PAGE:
$\Delta P=K \frac{\rho}{2} u_{a v}^{2}$. (45)
Friction losses are expressed in terms of drag force [3336], which is a formulation which accounts the head losses. It is a function of drag coefficient according to equation (46):
$F_{D}=C_{D} \frac{\rho}{2} u_{\infty}^{2} A_{f}$. (46)
The different formulations of the fluid flow losses which have been defined present different nature and can be observed that they have distinct natures and different values.
It must be noticed that dissipative, and skin friction formulations of drag do not bring to the same results, because they have very different natures as Drela [37] has observed.
Skin friction model focuses on what happens on the surface and can be defined by the following equation.
$D_{f}=\iint\left[\tau_{x y}\right]_{y=0} d x d z=\iint \rho_{e} U_{\infty}^{3} C_{f} d x d z$ (47)
On the other side, dissipation terms consider all the losses in the boundary layer along its complete development, including also what happens in the boundary layer and after detachment.
$\Phi=\iint\left[\int_{0}^{\delta} \tau_{x y} \frac{\partial u}{\partial y} d y\right] d x d z=\iint \rho_{e} U_{\infty}^{3} C_{D} d x d z$ (48)
The meaning of the two terms can be explained at domain level by figure 3 in a case of external fluid dynamics and by Figure 4 in the case of internal fluid dynamics.
Figure 3. Dissipative terms and their graphical representation in external fluid dynamics
Figure 4. Dissipative terms and their graphical representation in internal fluid dynamics
In this paper, we account the losses according to the dissipative model, because they give an exhaustive answer to the problem of the determination of losses.
3.2 Dissipations and the second law of thermodynamics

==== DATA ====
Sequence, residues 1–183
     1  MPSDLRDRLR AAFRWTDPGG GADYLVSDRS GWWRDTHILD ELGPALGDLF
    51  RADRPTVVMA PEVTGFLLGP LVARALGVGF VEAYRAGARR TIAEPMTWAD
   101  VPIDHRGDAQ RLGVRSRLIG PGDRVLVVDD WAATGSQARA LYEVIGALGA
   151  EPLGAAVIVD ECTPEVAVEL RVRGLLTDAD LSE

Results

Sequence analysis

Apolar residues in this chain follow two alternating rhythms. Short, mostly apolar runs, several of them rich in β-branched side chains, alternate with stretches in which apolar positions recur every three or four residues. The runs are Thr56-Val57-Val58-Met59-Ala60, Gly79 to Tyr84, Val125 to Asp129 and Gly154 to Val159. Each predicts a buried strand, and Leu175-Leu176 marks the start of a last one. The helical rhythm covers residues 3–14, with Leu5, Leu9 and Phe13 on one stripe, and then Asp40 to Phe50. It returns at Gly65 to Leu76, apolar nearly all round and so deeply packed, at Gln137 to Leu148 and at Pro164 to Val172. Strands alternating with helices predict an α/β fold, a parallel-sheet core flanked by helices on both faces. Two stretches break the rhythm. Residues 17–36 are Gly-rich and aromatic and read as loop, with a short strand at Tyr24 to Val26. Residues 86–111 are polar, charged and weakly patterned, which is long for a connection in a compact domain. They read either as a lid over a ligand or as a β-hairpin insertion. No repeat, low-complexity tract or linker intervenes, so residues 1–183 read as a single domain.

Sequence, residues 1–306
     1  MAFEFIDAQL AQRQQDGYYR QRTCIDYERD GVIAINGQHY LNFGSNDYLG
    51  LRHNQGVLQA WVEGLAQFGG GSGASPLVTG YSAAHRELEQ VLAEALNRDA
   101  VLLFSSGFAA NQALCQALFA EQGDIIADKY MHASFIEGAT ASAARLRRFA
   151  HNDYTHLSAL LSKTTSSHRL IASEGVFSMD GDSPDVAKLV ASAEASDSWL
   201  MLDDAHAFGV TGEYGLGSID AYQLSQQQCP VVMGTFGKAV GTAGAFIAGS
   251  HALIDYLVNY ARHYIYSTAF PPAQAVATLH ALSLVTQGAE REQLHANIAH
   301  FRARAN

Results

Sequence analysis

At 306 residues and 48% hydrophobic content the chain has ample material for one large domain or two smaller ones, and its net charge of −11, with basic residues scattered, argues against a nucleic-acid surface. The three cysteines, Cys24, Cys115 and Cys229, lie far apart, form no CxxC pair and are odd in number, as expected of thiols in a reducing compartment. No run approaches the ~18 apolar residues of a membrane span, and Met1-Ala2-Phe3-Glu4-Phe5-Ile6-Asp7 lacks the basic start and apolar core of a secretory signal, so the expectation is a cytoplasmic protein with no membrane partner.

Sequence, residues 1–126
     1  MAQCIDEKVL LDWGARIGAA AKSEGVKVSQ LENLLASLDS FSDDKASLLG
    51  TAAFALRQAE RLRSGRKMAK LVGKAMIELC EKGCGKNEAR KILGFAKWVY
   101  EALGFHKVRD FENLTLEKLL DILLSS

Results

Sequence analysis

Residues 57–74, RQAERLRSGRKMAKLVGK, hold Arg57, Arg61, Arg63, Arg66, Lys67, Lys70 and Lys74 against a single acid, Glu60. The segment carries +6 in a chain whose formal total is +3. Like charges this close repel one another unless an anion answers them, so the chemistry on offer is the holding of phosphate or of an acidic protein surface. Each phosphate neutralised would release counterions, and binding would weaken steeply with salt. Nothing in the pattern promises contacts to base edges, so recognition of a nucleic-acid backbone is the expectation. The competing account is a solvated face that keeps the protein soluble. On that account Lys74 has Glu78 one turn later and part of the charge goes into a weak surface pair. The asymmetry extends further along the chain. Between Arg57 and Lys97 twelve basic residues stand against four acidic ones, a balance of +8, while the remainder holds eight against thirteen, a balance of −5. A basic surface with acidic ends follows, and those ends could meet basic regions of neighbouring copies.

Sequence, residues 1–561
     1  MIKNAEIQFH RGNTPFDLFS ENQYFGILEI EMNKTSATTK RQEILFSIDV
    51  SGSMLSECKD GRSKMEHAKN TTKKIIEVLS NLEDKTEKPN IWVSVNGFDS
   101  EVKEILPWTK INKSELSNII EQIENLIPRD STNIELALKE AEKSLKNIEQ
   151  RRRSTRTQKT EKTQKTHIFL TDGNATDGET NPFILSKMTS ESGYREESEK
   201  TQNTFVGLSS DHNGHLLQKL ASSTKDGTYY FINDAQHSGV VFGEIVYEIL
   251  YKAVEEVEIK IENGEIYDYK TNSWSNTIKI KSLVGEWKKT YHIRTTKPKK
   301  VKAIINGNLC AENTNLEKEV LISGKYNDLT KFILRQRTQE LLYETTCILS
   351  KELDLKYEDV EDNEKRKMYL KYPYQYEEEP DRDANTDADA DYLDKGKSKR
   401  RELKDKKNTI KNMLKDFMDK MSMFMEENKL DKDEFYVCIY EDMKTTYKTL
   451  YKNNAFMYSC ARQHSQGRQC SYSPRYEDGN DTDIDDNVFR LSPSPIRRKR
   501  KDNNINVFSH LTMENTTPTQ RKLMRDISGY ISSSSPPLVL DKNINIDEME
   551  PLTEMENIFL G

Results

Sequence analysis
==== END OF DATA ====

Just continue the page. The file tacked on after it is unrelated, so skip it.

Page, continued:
It must also be remarked that the fluid dynamic dissipations can be expressed concerning the second law of thermodynamics. $\dot{S}$ The processes can be analyzed [3841] in terms of both entropy generation and exergy destruction rate:
$\dot{E} x_{L}=T_{0} \dot{S}_{g e n}$ (49)
The dissipated mechanical power is equal to
$\dot{E}_{L}=F_{D} \cdot u_{\infty}=\Delta P \cdot A \cdot u_{\infty}=T \cdot \dot{S}_{g e n, f}$, (50)
The case of an internal and an external fluid dynamic problem are reported below.
In the case of external flows the dissipated mechanical power is
$\dot{E}_{L}=C_{D} \frac{\rho}{2} u_{\infty}^{3} A_{f}=T \dot{S}_{g e n, f}$ (51)
from which it can be obtained
$C_{D}=\frac{2 T}{A_{f} \rho u_{\infty}^{3}} \dot{S}_{g e n, f}$ (52)
Equation (52) can be substituted into (46) obtaining the entropic expression of friction force.
$F_{D}=C_{D} \frac{\rho}{2} u_{\infty}^{2} A_{f}=\frac{T}{u_{\infty}} \dot{S}_{g e n, f}$ (53)
It is possible to express the dissipated mechanical power by equation (54):
$p_{L}=K A_{w} \frac{\rho}{2} u_{i}^{3}=T \cdot \dot{S}_{g e n, f}$ (54)
that allows obtaining
$K=\frac{2 T}{A_{w} \rho u_{i}^{3}} \dot{S}_{g e n, f}$ (55)
By substituting equation (55) into equation (45), entropic expression of pressure losses results:
$\Delta p=\frac{T}{A_{w} u_{i}} \dot{S}_{g e n, f}$ (56)
3.3 A new entropic formulation of Bejan number
Assuming u_{i} the inlet velocity for the specific problem, it is evident that the general expression of pressure losses is formulated by equation (56). It can be substituted in equation (28) and produces:
$B e_{L}=\frac{L^{2} T \dot{S}_{g e n, f}}{v^{2} \rho A_{w} u_{i}}=\frac{L^{2} T \dot{S}_{g e n, f}}{v \mu A_{w} u_{i}}=\frac{A_{f}}{A_{w}} \frac{L^{2}}{v^{2} \dot{m}} T \dot{S}_{g e n, f}$ (57)
Equation (57) shows that Bejan number can be formulated as a function of entropy generation. If we consider equation (38) it can be possible to determine that
$B e_{t o t}=\frac{L^{2}}{v^{2} \dot{m}} \Delta \dot{W}+\frac{L^{2}}{v^{2} \dot{m}} \Delta \dot{Q}+\frac{A_{f}}{A_{w}} \frac{L^{2}}{v^{2} \dot{m}} T \dot{S}_{g e n, f}$ (58)
It can be observed that
$\Delta \dot{W}=T \dot{S}_{g e n, w}$
and
$\Delta \dot{Q}=T \dot{S}_{g e n, Q}$
from which it results
$B e_{t o t}=\frac{L^{2}}{v^{2} \dot{m}} T\left(\dot{S}_{g e n, W}+\dot{S}_{g e n, Q}+\dot{S}_{g e n, f}\right)$ (59)
from which
$B e_{t o t}=\frac{L^{2}}{v^{2} \dot{m}} T \dot{S}_{g e n, t o t}$ (60)
where
$\dot{S}_{g e n, t o t}=\dot{S}_{g e n, W}+\dot{S}_{g e n, Q}+\dot{S}_{g e n, f}$ (61)
Equation (60) confirms that the Bejan number can be expressed as a function of entropy generation. These considerations allow advancing the hypothesis of considering Bejan number a thermodynamic function in fluid dynamics.